Rep. Hall criticizes Pres. Obama’s moratorium on new drilling in Gulf

By J.J. Smith. Rep. Ralph Hall (R-Rockwall) criticized Pres. Obama’s six-month drilling moratorium on new oil wells in the Gulf at a news conference yesterday in Washington D.C. saying “it is like tying one hand behind our back in the nation’s effort to become less dependent on foreign oil.”

Joining Congressman  from Texas, Louisiana and Mississippi, who also oppose the drilling moratorium, the popular 16-term Congressman explained:

“Imposing a six-month drilling moratorium, including a halt in consideration of shallow water drilling in the Arctic, is only tying one hand behind our back in the effort to move forward. It does not help fix the leak, it does not help in the cleanup effort – it only amplifies our dependence on foreign oil.”

“This proposal only serves to shift drilling to other countries along with thousands of U.S. jobs.”

“It is far more productive for the federal government to advance research and development to help industry not only drill responsibly, but also more effectively clean the water and land after spills. The Outer Continental Shelf, or OCS, is one of the nation’s greatest resources for energy.”

Hall also expressed frustration with the way the oil spill has been handled by the federal government and British Petroleum.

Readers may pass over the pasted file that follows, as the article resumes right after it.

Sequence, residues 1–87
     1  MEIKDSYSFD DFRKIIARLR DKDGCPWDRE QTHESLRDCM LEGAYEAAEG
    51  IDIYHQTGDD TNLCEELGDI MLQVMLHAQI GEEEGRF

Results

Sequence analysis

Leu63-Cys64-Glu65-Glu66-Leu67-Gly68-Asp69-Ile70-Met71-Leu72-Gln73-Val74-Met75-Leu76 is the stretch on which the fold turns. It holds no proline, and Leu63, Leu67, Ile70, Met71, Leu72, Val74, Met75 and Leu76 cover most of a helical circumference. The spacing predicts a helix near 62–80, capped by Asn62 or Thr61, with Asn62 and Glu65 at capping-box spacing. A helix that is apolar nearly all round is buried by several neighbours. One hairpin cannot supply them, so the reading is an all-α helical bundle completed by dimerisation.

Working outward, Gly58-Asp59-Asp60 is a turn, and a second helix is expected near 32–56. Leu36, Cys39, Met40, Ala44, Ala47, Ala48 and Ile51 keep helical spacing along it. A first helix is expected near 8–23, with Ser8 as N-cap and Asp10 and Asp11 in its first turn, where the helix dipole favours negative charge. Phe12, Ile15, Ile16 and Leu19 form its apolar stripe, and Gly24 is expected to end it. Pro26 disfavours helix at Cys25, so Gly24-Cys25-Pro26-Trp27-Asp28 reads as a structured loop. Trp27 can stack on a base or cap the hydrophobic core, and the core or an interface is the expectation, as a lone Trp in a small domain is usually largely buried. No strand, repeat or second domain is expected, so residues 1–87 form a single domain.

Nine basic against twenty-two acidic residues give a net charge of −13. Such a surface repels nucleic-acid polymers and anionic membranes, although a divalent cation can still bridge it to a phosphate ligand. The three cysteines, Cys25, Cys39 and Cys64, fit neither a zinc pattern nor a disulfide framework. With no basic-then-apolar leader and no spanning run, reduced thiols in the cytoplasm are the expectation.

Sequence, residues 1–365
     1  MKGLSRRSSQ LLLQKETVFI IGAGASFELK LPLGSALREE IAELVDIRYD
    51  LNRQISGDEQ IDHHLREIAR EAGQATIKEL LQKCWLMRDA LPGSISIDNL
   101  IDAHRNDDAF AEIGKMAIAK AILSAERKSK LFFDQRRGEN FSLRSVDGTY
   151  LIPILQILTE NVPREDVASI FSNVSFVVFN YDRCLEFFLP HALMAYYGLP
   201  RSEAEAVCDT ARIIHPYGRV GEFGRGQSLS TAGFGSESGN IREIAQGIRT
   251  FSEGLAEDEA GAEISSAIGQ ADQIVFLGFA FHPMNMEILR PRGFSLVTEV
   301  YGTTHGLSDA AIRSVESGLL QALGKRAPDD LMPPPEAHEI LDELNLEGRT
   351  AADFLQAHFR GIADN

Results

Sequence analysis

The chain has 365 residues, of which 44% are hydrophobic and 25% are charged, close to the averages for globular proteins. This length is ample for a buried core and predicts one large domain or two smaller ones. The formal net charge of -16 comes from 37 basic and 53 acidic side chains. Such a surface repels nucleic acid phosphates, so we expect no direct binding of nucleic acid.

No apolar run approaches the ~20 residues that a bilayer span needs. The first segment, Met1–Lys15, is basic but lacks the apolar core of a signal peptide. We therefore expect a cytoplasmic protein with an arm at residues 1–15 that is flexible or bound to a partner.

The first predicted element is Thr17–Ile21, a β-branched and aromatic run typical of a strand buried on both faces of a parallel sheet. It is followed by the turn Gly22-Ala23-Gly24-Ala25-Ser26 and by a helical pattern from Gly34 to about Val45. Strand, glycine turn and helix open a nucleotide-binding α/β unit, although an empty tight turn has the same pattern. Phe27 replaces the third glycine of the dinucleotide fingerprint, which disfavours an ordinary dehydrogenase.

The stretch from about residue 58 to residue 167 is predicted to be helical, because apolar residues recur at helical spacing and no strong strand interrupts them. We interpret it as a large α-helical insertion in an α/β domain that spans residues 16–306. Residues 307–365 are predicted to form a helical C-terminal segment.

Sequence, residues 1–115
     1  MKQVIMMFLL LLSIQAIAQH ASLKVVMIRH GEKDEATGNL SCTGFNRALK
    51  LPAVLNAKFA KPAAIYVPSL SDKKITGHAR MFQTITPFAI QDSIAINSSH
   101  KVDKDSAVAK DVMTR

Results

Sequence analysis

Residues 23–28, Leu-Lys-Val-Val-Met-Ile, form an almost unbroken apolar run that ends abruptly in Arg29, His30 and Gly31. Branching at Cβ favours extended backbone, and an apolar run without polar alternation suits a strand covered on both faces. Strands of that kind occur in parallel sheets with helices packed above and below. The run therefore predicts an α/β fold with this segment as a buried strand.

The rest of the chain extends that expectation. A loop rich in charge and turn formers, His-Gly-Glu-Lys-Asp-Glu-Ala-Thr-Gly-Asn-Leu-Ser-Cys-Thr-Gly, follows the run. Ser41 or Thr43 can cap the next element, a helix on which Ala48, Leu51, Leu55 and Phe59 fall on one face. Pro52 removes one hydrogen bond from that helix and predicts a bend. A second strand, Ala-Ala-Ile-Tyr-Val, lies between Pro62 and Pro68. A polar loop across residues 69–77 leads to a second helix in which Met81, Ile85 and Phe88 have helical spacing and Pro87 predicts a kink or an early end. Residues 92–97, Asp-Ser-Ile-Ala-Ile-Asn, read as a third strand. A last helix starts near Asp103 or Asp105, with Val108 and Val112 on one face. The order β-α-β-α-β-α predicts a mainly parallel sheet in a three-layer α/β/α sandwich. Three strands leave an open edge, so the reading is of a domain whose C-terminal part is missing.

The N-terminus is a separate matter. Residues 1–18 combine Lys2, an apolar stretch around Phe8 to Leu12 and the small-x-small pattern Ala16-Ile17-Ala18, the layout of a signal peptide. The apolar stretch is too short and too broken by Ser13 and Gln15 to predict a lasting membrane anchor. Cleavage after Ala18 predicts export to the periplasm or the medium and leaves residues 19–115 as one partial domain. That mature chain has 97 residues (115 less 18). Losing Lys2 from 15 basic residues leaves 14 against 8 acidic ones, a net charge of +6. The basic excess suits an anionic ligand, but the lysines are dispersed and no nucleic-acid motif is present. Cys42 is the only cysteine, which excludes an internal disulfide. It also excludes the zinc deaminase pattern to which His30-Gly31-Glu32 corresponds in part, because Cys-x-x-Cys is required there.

“I am very troubled about the way our administration has handled the situation,” said Hall, who is a long time member of the House Energy and Commerce Committee.

He added that BP is ultimately responsible for the spill and clean-up costs.

“BP is ultimately responsible for this oil spill. They are responsible for repairing the damaged well and, as the owner of the mineral rights to drill for oil in the Mississippi Canyon Block 252, BP is also accountable for the clean up costs.”

“To date, BP has paid out over $63 million in claims and will be paying millions more moving forward,” he said.

Hall also defended his friend, former President George Bush, and took issue with Pres. Obama’s criticism of the former President and his Administration’s policies.

“The push to say this is the fault of the energy people, this is the fault of the last president – I don’t recollect our president on 9/11 going to New York and blaming it on Bill Clinton,” he said.

The press conference followed the House Energy and Environment Subcommittee hearing entitled “Drilling Down on America’s Energy Future: Safety, Security and Clean Energy.”

Witnesses present at the hearing included Lamar McKay, President and Chairman of BP America Inc; Rex Tillerson, Chairman and CEO of Exxon-Mobil; John Watson,. Chairman and CEO of Chevron Corporation; James Mulva, Chairman and CEO of Conoco Phillips; and Marvin Odum, President of Shell Oil Company.

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